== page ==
Terraform growth has been explosive. It is exciting to see the community grow, embrace, and extend Terraform in ways we never imagined.
At the time of writing, Terraform ships with support for almost 500 resources across 30 providers. Because Terraform has always had a high bar for testing, each of these resources and providers is well tested. Terraform in total has thousands of unit tests and over 500 black box acceptance tests.
With this growth, we've been able to maintain a positive pulse ratio while averaging multiple releases per month. Despite this, we believe we can do better. We believe we can merge PRs more quickly, we can release more often, and we can dedicate more time to core improvements. For weeks, the Terraform team and HashiCorp have planned a set of improvements towards these goals and today we're announcing those changes.
» Detailed Contribution Guidelines
Terraform has always been a very welcoming community. If you submit a PR that isn't quite complete, a Terraform core member will complete it and merge in the feature.
As Terraform has grown, this process has grown too time consuming. We still want to merge every PR, even if that means that we have to make minor modifications, but this doesn't scale well with the maintainers (for both full time HashiCorp employees and community members with commit access).
Instead, we've now documented detailed contribution guidelines. These guidelines go into detail for each of the most common Terraform contributions and what we require to merge the PR quickly and easily.
If you meet all the guidelines properly, we can very quickly merge the enhancement or bug fix to Terraform. However, these are still guidelines. We don't want to push anyone away from contributing to Terraform. If you have an incomplete PR you want to create, you can still open it. If all the guidelines aren't met, merging the PR will have to wait until a core member or another member of the community has time to complete it.
The contribution guidelines contain a detailed guide for how to do each step. We don't tell you "this needs tests" without telling you how to write and run tests. We've tried to make this as easy as possible for even beginners to get started with.
It is important to note that this is always the process we've taken. If you create a perfect PR, it has always been merged very quickly. We're now being more transparent and detailed about what constitutes a "perfect PR".
» Faster Issue/PR Response
With the contribution guidelines in place, we can now respond to every PR more quickly. We've done a poor job of leaving many PRs silent when they're good ideas but not quite ready to be merged.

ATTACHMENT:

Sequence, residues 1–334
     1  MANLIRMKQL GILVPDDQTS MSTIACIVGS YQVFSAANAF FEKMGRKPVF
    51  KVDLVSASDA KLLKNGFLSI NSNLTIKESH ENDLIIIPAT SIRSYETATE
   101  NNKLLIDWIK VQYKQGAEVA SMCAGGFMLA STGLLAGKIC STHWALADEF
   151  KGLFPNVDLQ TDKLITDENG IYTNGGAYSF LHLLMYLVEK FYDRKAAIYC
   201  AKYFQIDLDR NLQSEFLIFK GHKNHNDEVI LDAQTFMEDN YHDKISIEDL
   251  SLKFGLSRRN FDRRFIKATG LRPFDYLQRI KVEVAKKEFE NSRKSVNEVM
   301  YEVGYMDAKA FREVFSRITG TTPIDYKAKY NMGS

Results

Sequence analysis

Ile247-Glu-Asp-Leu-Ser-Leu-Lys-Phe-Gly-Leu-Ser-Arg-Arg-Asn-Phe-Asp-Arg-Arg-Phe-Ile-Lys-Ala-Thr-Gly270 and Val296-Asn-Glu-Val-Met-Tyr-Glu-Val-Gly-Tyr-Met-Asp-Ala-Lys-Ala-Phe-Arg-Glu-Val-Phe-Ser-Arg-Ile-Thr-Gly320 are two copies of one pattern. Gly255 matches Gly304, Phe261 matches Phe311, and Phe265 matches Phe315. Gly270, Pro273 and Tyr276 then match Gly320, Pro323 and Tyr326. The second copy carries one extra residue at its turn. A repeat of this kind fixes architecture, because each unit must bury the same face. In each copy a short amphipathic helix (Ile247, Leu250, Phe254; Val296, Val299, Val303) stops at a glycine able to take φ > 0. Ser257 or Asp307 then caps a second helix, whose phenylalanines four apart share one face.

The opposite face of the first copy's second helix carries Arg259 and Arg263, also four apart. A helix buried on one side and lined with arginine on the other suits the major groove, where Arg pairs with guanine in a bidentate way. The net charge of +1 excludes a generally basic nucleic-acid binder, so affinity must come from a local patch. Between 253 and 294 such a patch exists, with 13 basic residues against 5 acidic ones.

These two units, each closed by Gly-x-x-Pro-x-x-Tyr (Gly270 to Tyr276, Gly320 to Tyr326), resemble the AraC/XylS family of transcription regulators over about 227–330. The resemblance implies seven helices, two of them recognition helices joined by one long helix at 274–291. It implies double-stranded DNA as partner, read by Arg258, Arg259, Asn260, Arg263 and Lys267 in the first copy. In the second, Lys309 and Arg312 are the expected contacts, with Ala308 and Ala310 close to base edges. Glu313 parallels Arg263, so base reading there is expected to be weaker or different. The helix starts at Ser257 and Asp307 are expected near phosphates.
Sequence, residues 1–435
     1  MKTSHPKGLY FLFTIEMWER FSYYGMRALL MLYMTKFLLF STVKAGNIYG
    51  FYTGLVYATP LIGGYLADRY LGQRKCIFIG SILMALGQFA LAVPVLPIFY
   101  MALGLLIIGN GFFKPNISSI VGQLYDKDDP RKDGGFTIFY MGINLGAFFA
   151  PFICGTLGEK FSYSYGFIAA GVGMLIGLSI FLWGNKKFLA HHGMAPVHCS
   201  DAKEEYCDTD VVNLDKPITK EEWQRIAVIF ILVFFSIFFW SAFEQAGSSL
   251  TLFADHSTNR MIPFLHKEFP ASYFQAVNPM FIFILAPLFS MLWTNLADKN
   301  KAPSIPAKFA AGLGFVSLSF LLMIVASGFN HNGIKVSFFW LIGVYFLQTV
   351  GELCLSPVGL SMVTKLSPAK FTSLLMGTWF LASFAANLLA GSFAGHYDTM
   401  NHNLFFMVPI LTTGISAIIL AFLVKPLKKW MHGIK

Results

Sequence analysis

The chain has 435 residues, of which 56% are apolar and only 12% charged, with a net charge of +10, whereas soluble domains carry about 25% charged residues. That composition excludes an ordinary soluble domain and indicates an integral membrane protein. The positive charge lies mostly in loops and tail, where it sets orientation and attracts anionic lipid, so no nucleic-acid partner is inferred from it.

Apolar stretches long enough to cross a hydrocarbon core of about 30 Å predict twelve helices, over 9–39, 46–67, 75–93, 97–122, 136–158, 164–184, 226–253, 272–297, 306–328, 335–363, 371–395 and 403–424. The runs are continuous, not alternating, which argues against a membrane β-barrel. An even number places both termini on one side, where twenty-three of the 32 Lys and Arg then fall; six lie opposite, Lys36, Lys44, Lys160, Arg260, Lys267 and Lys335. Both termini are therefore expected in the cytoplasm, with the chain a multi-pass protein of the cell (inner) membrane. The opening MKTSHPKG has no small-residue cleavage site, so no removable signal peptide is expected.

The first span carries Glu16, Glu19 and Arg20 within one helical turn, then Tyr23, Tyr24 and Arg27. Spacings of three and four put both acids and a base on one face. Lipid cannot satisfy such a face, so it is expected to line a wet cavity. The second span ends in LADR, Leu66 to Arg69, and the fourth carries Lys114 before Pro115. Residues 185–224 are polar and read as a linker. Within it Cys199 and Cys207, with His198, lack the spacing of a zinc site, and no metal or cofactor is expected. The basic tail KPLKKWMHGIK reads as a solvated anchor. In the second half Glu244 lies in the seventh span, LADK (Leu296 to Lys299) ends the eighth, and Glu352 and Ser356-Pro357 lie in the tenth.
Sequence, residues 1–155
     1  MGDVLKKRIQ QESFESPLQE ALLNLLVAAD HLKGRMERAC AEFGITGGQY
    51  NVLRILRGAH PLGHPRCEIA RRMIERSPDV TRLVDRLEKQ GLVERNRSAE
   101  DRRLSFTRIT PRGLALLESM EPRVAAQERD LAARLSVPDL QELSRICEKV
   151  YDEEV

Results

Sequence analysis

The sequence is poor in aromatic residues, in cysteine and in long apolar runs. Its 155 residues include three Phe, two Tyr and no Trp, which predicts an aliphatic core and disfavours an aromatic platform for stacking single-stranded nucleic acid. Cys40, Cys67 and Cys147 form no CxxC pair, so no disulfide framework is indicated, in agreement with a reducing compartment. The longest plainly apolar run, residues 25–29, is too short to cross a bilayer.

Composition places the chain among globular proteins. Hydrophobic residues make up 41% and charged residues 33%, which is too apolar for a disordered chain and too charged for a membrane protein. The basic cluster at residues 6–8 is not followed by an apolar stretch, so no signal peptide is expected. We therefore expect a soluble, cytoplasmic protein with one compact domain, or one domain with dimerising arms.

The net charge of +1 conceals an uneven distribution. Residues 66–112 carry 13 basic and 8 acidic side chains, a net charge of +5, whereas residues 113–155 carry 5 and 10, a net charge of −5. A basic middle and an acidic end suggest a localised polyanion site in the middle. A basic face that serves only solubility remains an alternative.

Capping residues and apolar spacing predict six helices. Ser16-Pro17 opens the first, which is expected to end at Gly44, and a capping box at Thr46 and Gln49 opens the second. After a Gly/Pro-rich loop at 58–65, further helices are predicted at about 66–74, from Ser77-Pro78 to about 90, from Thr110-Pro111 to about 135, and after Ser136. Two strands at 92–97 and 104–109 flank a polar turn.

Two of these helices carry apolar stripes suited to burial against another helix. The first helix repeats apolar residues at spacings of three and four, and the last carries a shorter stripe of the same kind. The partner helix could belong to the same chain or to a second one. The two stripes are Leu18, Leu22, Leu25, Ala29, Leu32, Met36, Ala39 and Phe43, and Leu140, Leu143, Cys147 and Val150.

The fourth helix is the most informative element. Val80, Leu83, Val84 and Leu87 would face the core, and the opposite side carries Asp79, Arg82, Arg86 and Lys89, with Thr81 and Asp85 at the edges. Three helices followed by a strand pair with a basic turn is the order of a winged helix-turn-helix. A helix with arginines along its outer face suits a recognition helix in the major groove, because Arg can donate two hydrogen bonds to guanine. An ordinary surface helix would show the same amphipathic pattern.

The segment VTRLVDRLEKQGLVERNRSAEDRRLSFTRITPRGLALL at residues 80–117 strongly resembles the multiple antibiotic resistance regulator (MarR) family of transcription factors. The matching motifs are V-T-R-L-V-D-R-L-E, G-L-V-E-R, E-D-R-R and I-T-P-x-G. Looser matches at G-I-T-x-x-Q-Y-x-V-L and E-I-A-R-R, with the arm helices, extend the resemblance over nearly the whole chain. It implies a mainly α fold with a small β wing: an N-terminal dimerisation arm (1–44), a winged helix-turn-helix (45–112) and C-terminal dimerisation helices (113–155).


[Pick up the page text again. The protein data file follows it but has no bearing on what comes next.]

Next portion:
We can now reference specific parts of the contribution guidelines and explain why we haven't merged the PR yet. If the contributor or another community member addresses what is missing, we can merge the PR very quickly. If not, then we'll try to get to it when we have time, but this could potentially be many months.
As PRs get handled more quickly, this will give our core maintainers more time to dedicate to triaging, reproducing, and fixing issues. Therefore, we expect issue response time to also improve.
» HashiCorp vs. Community Providers
We're very proud of Terraform's growth to over 30 providers. It allows Terraform to be used with more systems directly out of the box.
But the surface area of issues/PRs for this provider growth has grown faster than our ability for full time maintainers to handle. We're splitting providers into two categories going forward: "HashiCorp" and "Community".
HashiCorp providers are providers that we'll dedicate full time resources to improving, supporting the latest features, and fixing bugs. These are providers we understand deeply and are confident we have the resources to manage ourselves. To begin,
azurerm will be HashiCorp providers.
Community providers are providers where we depend on the community to contribute fixes and enhancements to improve. HashiCorp will run automated tests and ensure these providers continue to work, but will not dedicate full time resources to add new features to these providers. These providers are available in official Terraform releases, but the functionality is primarily contributed.
Just like our contribution guidelines, this isn't new. This is a formalization of what we've already been doing. Most of the 30 providers have come from the community, and we've always required automated tests to verify functionality. And some providers even have core committers from the community to maintain them. For example, HashiCorp doesn't have any CloudStack expertise, but Sander van Harmelen has been a non-HashiCorp core maintainer for over a year and keeping CloudStack stable and up to date.
I want to stress again that all providers, HashiCorp and Community, will have nightly acceptance tests run and paid for by HashiCorp. We want to ensure that all providers shipped in Terraform releases work, but we ask upon the community to ensure continued stability for the community providers.
We're extremely proud of Terraform. It has grown faster than we could ever imagine, and the community around it is passionate and wants to improve the project.
We believe we can do a better job embracing the community as we grow without slowing down features, releases, or response times to issues.
We hope that what we've announced here today will give us the foundation we need to continue to build a scalable and active community. We hope we've given community members transparency and proper expectations for how to improve Terraform together.
We love our community and we're excited to continue to grow this project going forward.